Because of these unfortunate circumstances, poor kids lag behind their more affluent peers in virtually all areas of health and well-being. For instance, they're more prone to obesity, making them prime candidates for Type II diabetes. They're also more susceptible to a host of other chronic illnesses, drug and alcohol addiction, teenage pregnancy, depression, and physical disabilities. Stanford neuroscientist Robert Sapolsky writes, "...starting with the wealthiest stratum of society, every step downward in SES correlates with poorer health," adding, "the chronic stress induced by living in a poor, violent neighborhood, for example, could increase one's susceptibility to cardiovascular disease, depression and diabetes."

This gap in wellness between social classes also includes a considerable lag in neurocognitive functioning and development among economically disadvantaged children. What this means is that poorer kids have greater difficulties in processing and expressing language. Meanwhile, they also typically exhibit less impulse control and an alarming deficiency in their ability to recall and synthesize knowledge.

It shouldn't be shocking, then, to learn that kids from low-income families often go through grade school engaged in a tenuous relationship with books and that only one in seven meet grade-level expectations in reading.

As an English teacher at a Title I Los Angeles Unified School District (LAUSD) high school, I'm provided a front row seat for this slow-motion disaster each day. Despite the efforts of a number of dedicated colleagues and myself, I continually witness many of my students' relationship with the written word turn sour as they transition into secondary school. Frustration intensifies and interest wanes as vibrant illustrations gradually dissolve into even more advanced text -- along with concepts that require broader and yet more refined thinking skills. Hamstrung by compromised cognitive systems that were never given a chance to flourish, many kids eventually tire of the struggle. Reading becomes cumbersome, boring and seemingly pointless. Whereas avid young readers increasingly see books as an escape, these kids continue to slog through the joyless drudgery of word decoding.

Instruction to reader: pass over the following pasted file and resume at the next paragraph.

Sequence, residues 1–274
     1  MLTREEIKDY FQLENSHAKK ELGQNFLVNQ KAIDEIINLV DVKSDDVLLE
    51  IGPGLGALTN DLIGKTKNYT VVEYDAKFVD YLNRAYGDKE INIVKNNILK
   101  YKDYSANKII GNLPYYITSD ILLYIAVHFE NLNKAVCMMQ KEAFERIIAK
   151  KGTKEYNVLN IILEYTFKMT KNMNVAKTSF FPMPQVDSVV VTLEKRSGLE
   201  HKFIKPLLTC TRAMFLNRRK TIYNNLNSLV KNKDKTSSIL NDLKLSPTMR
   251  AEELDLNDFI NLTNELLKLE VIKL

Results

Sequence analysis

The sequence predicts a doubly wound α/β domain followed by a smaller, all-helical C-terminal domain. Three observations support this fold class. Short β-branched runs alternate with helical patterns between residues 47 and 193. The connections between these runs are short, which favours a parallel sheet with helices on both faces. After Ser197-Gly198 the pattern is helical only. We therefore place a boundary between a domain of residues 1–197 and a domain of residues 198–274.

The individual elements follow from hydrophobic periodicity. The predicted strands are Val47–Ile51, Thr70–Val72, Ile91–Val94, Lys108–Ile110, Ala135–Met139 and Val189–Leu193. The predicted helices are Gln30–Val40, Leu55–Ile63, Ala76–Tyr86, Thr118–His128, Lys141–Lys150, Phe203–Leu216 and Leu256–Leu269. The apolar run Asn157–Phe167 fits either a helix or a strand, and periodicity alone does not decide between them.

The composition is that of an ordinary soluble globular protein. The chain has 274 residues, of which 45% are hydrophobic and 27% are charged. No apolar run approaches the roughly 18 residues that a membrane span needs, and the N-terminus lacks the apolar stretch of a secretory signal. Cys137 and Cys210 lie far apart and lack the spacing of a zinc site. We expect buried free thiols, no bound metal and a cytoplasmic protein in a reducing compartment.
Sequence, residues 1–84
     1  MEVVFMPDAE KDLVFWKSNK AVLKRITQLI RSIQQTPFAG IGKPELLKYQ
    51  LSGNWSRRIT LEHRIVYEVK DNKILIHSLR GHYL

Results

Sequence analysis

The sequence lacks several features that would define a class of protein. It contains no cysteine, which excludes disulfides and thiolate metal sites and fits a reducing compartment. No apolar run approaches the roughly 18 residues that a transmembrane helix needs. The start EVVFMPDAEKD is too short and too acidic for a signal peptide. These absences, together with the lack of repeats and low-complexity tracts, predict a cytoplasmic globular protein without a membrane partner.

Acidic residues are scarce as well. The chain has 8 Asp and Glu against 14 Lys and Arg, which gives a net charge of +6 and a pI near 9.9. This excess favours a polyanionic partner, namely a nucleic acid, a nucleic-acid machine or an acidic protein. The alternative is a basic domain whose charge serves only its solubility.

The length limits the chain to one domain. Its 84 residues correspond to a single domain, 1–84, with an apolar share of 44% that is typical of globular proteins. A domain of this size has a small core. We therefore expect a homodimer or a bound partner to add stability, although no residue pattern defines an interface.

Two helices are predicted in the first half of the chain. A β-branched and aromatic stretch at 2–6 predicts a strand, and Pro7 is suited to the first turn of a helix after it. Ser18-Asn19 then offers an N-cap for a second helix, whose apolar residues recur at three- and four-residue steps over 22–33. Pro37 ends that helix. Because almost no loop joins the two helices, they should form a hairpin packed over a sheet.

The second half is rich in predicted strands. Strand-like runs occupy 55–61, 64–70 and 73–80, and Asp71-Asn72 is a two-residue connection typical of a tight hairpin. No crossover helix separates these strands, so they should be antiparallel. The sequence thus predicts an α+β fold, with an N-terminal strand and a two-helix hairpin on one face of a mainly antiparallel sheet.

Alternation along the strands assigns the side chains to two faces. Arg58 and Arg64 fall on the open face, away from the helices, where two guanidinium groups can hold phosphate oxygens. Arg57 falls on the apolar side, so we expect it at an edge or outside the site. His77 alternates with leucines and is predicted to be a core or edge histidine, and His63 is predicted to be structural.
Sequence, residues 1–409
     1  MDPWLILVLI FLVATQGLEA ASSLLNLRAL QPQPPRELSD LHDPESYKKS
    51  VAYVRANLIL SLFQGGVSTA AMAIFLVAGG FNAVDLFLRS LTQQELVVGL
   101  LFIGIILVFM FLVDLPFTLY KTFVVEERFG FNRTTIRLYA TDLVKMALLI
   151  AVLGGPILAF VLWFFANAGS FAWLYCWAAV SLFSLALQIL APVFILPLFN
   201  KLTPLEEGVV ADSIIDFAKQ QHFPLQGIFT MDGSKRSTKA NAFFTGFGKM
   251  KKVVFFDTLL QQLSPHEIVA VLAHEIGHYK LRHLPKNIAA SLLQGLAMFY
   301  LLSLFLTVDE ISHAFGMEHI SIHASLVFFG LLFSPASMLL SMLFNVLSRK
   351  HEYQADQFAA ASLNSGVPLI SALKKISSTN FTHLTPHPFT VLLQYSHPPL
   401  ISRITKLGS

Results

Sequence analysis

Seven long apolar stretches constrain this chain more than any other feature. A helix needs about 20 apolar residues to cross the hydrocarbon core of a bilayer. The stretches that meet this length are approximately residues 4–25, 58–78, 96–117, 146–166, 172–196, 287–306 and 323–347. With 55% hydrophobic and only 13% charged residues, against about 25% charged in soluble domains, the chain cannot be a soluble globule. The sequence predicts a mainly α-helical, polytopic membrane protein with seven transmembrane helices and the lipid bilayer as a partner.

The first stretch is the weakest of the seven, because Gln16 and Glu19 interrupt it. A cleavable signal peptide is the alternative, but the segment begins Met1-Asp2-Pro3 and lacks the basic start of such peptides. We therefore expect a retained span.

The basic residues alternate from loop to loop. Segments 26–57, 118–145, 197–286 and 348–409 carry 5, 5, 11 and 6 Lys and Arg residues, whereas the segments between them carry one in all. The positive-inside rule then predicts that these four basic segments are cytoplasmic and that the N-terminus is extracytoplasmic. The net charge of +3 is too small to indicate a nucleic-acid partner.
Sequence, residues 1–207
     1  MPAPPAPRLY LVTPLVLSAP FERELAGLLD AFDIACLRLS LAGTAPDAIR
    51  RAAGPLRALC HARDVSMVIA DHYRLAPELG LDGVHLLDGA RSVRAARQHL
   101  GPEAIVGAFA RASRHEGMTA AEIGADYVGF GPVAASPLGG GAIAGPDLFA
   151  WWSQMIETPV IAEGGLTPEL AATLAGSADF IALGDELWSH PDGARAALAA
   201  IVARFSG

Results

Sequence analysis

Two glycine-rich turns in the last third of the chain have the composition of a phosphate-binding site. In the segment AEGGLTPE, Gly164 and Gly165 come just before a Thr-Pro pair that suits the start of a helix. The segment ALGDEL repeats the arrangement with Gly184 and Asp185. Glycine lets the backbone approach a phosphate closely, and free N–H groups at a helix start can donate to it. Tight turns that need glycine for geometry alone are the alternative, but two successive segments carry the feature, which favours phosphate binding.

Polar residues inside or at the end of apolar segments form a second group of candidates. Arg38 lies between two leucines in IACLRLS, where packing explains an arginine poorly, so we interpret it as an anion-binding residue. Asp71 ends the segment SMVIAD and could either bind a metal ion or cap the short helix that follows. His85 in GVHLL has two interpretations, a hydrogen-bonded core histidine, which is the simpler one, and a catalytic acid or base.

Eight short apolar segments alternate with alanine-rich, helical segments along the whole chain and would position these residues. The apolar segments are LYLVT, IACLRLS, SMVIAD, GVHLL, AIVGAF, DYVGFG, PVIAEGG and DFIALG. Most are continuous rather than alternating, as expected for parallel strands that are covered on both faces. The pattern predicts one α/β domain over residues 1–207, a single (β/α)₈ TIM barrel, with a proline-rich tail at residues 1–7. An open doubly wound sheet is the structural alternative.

For all of this, there are consequences. Says University of New Hampshire English professor Thomas Newkirk in Misreading Masculinity: Boys, Literacy and Popular Culture, "Unless you're reading fluently in late elementary school, getting an assignment to read a two-hundred-page book will just defeat you." Or, as one of my students recently put it: "How I feel about reading is like I am getting trapped and covered in words." It's no wonder why so many of these kids despise books.

During the first full week of school each year, I ask my incoming 9th-graders to reflect on their feelings about reading in a written composition. This is a fairly common practice among English teachers, but it never ceases to amaze me how eerily similar most of the responses are. This year, one student wrote: